Heart to Heart
Bucks County romance novelist Philip William Stover talks passion and prose.
by Melissa D. Sullivan

Romance writer Philip William Stover started his love affair with Bucks County at a young age. “I was in a production of The Wizard of Oz at the Bucks County Playhouse,” he says, playing a munchkin. In the hour between the matinee and the evening show, Stover would explore New Hope. “Even as a young kid, I thought this is such an interesting, special place.”
Despite this meet-cute, Stover’s romance with Bucks County would be a slow burn. After graduating from Rutgers University, he attended NYU for a master’s in performance studies, paying for grad school by appearing in commercials. Later, he added another degree in interactive telecommunications. Why? “The elevator door kept opening on that floor, and everyone was always having a good time,” says Stover. “It was a like a Saturday Night Live sketch!” 
After ghostwriting for Olivia Goldsmith, he wrote a series of books about girls auditioning for commercials based on his own experiences. “You open the door to audition, and there’d be 20 people who look just like you,” he recalls. “That was always very strange. But then you get to know them and what’s different about them. You actually learn about how the world sees you as an adult.”  
Stover had always been a romance reader, but he had not realized there was such a thing as gay romance. When he heard that Harlequin was starting Carina Adores, a LGBTQ+ contemporary romance line, he thought he’d give it a try. For his first series, “Seasons of New Hope,” he turned to the town he loved as a kid. In The Hideaway Inn, the main character Vince attends a thinly veiled Tinicum Arts Festival, held every summer at Tinicum Park in Upper Black Eddy. “Feel free to note the art festival does not allow dogs,” says Stover, a proud dog owner. “In my book, dogs are allowed.” 
Stover, originally from Bridgewater, New Jersey, eventually made it official with Bucks County, having found a country home in Pipersville for him, his husband, and their furry companion. He now splits his time between teaching in NYC and Pennsylvania, while his husband oversees Lehigh University Art Galleries. “We have moved our life to Pennsylvania,” says Stover. “We purchased more land and a barn, so we are real Bucks Countians.”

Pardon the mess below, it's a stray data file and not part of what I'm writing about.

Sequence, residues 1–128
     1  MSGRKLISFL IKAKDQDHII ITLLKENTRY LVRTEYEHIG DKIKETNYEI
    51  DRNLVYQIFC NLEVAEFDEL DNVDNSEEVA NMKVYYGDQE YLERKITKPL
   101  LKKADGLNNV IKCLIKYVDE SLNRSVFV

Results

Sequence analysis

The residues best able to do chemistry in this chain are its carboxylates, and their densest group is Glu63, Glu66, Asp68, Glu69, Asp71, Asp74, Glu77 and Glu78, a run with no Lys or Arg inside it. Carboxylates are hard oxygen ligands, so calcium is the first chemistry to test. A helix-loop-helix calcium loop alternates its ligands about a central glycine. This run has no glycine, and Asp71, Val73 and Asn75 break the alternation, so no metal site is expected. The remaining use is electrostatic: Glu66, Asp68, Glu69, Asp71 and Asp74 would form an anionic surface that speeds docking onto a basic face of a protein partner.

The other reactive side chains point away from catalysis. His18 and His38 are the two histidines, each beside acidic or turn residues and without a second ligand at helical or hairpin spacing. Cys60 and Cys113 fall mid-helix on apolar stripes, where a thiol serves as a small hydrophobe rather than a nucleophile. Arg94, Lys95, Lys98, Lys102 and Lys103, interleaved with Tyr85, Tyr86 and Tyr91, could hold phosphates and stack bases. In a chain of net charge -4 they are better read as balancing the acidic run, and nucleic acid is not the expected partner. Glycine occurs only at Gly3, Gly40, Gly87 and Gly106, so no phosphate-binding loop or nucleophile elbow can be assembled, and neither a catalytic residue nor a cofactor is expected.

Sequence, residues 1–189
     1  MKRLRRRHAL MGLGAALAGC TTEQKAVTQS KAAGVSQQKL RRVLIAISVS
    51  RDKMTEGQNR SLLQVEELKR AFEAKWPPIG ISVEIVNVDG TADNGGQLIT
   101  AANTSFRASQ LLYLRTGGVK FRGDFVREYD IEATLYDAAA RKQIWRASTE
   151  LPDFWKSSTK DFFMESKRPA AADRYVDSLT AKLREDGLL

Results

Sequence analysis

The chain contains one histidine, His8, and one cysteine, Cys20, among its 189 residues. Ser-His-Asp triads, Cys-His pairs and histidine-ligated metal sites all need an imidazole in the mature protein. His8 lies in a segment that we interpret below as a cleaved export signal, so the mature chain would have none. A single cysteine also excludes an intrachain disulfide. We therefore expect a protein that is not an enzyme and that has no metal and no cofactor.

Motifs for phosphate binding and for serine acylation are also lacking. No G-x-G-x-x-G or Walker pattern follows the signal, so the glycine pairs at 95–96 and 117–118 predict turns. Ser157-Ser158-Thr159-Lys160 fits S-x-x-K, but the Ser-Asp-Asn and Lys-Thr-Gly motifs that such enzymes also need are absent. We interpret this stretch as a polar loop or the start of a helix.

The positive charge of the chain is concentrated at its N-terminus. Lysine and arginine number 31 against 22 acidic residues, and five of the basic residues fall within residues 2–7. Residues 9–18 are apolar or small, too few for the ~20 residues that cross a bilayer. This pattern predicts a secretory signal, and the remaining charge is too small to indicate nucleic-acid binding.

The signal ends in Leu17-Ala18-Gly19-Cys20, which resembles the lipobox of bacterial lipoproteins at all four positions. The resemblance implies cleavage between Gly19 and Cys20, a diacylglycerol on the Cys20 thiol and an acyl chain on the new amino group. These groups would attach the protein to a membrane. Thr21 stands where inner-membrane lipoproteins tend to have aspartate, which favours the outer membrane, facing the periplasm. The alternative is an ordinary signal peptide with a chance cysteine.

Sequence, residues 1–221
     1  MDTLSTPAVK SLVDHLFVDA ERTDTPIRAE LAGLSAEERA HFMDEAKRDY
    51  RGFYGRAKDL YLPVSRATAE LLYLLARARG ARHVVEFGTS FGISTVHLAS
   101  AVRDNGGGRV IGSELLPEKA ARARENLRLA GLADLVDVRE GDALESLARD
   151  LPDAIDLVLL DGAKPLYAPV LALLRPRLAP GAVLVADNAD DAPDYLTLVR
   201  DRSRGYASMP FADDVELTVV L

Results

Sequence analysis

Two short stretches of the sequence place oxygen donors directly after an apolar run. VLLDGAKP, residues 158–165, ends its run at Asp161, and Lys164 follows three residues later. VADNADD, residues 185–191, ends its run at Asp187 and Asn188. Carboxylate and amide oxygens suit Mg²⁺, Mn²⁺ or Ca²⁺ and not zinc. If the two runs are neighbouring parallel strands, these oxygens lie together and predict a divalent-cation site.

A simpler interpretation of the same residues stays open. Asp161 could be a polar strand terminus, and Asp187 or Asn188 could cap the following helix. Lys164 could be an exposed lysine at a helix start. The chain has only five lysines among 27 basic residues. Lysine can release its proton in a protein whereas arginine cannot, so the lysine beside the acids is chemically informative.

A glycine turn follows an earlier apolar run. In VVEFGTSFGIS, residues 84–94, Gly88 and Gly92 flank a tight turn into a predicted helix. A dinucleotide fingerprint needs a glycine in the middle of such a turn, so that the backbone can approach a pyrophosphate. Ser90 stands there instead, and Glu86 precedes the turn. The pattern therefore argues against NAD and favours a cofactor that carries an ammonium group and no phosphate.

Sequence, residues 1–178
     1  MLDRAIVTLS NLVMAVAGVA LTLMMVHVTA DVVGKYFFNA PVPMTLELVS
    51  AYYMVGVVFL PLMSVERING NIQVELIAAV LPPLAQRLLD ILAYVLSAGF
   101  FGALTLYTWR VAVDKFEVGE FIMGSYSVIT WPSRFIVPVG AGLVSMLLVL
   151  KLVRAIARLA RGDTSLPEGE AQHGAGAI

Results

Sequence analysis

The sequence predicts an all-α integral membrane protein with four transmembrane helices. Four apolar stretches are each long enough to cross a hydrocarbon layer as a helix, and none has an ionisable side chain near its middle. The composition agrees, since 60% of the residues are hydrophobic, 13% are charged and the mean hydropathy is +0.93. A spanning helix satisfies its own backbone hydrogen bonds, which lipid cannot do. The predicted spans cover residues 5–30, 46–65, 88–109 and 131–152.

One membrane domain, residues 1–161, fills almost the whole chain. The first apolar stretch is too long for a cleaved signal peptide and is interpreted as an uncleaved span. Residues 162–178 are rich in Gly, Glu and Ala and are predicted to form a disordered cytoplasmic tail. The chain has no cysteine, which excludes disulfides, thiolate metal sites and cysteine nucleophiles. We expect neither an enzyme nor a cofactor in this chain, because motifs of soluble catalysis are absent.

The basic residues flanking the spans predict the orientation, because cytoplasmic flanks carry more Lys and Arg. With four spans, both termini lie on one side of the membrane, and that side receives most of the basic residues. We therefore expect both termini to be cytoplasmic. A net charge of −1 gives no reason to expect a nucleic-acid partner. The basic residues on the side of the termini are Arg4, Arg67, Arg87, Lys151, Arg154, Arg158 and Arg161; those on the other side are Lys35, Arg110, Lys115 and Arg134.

We spoke with Stover about the fuzzy line separating truth from fiction, the importance of travel, and why more people should be reading romance. 
What do you like best about your books?

I like that I write books that I don’t see elsewhere in the bookstore. That makes me happy. And I like that I get to write books about the places that are both familiar and important to me.
Your “Seasons of New Hope” series is set in New Hope. What about the town inspired you to set the series there?
I wanted to really lean into the inclusivity of the area. Believe it or not, I constantly get emails from people who say, “Oh, wouldn’t it be really great if New Hope was a real place?”
I realized I write about it as a fictional place, though most of the places and landmarks are real. People always say, “I can’t wait to go there,” or “I want to move there.” And that always makes me feel really, really good.
In your other series, “Love Beyond Boundaries,” you feature exotic locations, like the Galapagos Islands. What do you think the link is between romance and travel?
I grew up picking books based on where they were located. The books were how I learned about other places. The nice part about being a writer is that you get to visit places twice: You go there, and then you get to write about them and visit them again. The “Love Beyond Boundaries” series is based on the trips I’ve taken with my husband. He worked at the Metropolitan Museum of Art for 20 years, and we did the Travel with the Met programs. He lectured aboard those cruises. The first one we ever went on was to the Galapagos, and he taught a watercolors class. [There Galapagos My Heart] takes place on a high-end trip to the Galapagos, where the character teaches a watercolor class. I wish I had more imagination! And travel is always important. Who doesn’t imagine a mysterious stranger and meeting someone and having those experiences? It’s a very romantic part of my relationship. 
It’s like stepping out of the self, right? Maybe you’re open to different experiences in those situations.
Absolutely! I always say if I’m ever in a coma, I want [my husband] to get our travel diaries and read them to me. He won’t remember, and he’ll never be able to find them.
Well, I’ll put it in the interview, and then he’ll have it.
Yeah, exactly!
If you were trying to convince someone who’s never read a romance novel to read one, what would you tell them?
I would say that all novels are about becoming, how characters become and transform. Romance novels are about how people become and overcome through a romantic relationship. In romance, we move towards tropes. Tropes are something good. I think, for non-romance readers, that’s often something that’s off-putting. But the fact is, tropes are only the doorway into more complex relationships. I would say romance is for people who are interested in books about how people transform. If that’s what interests you, you’ll definitely find lots of transformation in romance.
Photograph courtesy of Philip William Stover
Published (and copyrighted) in Suburban Life magazine, April 2022.